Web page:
A simplified guide on how to test whether PWM affects you
.1. Make sure your phone has low frequency PWM, using a pencil test. You can use your finger instead of a pencil.
Video that illustrates what you can see with a pencil test
Set your phone to your usual brightness level and go to a room where there are no flickering lamps. Wave your pencil in the air: you should see 2 pencils around the edges and between them there is a blurred, even trail of movement.
Now wave a pencil in front of the screen: if there is a low frequency PWM, you will see a lot of pencils instead of two. The lower the screen brightness, the stronger the PWM will be.
Check PWM on a white or light image on the screen. PWM may not be visible on dark images and there will be no PWM on black image.
If you didn't see the PWM as a result of this experiment, but your phone uses PWM to adjusts the brightness or other purposes, then its flickering is too frequent for most human eyes. According to IEEE 1789-2015, frequencies above 400 Hz are safe for most people.
Your eyes may be hypersensitive, but without special equipment it would be hard to check the PWM level that is right for you.
.2. Remove the PWM on your phone (this step can be done only on Android)
2.1. PWM is either absent at 100% brightness on most phone models, or becomes imperceptible. Set it to 100% brightness and see if it becomes easier for you. In order not to burden the eyes with brightness, for the purity of the experiment, conduct it in a well-lit place or on the street.
If it helps you, the cause of your problem is PWM.
2.2. Turn on dc dimming on your phone. Or remove PWM using Oled Saver or any other program that mimics dc dimming. It works like this: at 100% brightness, the program applies a black filter to the image to get the visual brightness of the screen you need. The picture quality will drop, but the picture will be created without the help of PWM technology.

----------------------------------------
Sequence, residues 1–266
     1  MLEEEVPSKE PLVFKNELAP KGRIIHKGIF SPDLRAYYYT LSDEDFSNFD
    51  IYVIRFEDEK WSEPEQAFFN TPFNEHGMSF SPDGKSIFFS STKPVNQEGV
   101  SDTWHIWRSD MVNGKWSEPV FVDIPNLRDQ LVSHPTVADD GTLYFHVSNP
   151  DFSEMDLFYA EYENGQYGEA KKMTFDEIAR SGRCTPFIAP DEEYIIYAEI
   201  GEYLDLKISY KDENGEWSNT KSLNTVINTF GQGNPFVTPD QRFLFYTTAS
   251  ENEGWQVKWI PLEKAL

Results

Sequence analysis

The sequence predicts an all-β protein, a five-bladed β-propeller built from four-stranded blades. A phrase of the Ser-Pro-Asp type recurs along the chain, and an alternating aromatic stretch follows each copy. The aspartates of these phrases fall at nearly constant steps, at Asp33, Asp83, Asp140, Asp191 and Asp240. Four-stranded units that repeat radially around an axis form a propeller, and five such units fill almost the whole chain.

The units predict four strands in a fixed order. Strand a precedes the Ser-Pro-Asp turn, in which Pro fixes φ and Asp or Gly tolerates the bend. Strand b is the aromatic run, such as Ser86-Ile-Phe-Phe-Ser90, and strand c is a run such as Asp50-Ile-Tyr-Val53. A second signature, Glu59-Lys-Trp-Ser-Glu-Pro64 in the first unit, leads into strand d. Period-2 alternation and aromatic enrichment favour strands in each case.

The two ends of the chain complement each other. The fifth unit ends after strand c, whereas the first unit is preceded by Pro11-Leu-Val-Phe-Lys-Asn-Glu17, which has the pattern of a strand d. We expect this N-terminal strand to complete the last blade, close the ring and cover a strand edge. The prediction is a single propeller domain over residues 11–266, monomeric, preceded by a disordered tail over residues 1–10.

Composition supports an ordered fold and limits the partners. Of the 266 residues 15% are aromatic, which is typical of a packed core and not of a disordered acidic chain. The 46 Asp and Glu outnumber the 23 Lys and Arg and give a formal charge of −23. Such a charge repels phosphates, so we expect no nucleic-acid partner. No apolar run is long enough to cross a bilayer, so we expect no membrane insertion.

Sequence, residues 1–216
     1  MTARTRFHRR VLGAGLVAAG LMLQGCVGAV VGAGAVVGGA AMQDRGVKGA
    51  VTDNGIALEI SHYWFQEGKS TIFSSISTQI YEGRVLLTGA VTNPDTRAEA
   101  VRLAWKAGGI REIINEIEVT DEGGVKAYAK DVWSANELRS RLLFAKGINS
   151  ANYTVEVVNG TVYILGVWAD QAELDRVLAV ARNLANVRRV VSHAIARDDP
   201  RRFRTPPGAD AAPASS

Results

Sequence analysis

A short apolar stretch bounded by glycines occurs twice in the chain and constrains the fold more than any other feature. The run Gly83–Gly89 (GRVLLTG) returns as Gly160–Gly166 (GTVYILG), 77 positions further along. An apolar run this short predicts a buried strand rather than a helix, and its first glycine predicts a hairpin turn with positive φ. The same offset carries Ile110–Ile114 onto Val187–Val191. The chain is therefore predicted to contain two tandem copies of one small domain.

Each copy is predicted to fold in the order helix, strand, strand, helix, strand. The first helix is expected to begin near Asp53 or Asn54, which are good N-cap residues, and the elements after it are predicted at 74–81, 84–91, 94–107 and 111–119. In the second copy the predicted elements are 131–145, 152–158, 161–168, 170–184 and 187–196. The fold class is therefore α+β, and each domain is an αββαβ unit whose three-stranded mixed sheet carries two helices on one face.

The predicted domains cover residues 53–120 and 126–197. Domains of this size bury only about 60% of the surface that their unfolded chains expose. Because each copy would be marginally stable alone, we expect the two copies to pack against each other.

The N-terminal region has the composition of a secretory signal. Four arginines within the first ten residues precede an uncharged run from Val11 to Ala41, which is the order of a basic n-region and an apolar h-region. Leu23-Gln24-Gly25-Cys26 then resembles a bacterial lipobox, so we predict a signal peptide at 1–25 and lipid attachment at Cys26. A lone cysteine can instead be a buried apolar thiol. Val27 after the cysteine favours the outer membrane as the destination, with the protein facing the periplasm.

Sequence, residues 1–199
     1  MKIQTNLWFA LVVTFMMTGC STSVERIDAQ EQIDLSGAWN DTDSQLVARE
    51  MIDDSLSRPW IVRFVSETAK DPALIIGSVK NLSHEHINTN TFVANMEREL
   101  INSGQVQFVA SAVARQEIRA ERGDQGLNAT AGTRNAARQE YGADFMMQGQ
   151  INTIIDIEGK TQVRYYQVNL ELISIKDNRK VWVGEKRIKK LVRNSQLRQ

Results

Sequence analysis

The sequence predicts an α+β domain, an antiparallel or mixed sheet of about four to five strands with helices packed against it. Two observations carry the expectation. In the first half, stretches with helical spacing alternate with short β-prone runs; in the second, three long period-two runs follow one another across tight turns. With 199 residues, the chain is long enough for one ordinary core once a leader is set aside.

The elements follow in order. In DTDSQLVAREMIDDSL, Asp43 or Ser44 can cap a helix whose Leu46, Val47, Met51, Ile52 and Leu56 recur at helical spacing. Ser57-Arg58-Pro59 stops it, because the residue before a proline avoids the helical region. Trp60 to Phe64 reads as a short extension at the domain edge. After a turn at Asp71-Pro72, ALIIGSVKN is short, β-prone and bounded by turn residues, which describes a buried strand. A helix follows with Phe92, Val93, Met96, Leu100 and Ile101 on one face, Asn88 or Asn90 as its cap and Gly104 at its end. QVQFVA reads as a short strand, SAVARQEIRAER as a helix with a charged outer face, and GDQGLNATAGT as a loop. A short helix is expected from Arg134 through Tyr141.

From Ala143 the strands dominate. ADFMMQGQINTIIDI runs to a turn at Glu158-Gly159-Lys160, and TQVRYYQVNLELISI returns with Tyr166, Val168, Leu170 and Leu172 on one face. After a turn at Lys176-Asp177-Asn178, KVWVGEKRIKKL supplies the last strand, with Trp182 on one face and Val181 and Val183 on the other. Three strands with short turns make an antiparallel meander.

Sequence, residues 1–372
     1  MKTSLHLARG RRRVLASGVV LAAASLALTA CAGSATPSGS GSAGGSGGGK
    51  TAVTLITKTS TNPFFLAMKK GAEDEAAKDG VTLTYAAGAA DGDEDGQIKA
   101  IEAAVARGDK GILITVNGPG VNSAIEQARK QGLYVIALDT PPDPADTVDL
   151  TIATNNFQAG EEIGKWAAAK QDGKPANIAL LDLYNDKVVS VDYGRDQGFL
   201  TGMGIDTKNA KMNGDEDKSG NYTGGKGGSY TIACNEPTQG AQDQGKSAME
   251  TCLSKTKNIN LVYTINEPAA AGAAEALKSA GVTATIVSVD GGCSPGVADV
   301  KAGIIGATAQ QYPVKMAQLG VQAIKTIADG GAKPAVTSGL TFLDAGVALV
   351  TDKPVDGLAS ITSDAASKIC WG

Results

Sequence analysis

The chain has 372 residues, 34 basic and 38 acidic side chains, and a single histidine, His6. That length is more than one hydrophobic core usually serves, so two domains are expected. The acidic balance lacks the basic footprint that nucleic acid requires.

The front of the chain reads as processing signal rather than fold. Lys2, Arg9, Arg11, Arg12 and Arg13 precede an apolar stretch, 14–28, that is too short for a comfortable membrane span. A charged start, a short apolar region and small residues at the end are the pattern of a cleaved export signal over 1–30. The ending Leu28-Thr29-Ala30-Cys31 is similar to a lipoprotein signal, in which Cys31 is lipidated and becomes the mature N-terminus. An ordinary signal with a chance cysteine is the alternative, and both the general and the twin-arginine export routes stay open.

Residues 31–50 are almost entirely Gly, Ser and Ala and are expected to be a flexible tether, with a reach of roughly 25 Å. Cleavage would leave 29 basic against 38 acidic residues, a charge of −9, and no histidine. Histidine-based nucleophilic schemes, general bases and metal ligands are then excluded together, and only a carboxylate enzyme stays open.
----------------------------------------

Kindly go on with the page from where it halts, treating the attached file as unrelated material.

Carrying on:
After turning on the Oled Saver, do a pencil test to make sure the PWM is gone.
If it helped you and there is no pain in the eyes, the cause of the problem is PWM.
If it became easier for you, but partially, it can indicate that besides PWM, something else is bothering you.
Or you are facing with a response to high-frequency PWM and you need additional equipment to measure it.
If there is no difference, the cause of your pain is not PWM.
.3. Test phones without PWM
Important: in this experiment, you are changing not one parameter - PWM, but a whole bunch of parameters. You pick up another phone, which may have hundreds of differences from your phone.
Therefore, you will not be able to pinpoint the exact cause of the pain or eye strain.
Use noteboockcheck.net, where there is a table of PWM measurements for all phones. Notice, that measurements are available not for every phone, only for models starting from 2016-2017. Select models for the test. These can be phones with an IPS screen, or phones with OLED (Amoled, Super Amoled ec.) screen with a PWM frequency of 500 and higher. It is advisable to look at least at 5-6 different phones in order to narrow the range of causes of your pain. Two IPS phones from different years and manufacturers can be as different as night and day. If you only test one IPS phone, you might come up with a wrong conclusion.
Watch phones in dim lighting.
If it helps, PWM may be the cause of your pain. Or it may not be, testing different phones is not enough to pinpoint exact source with 100% probability.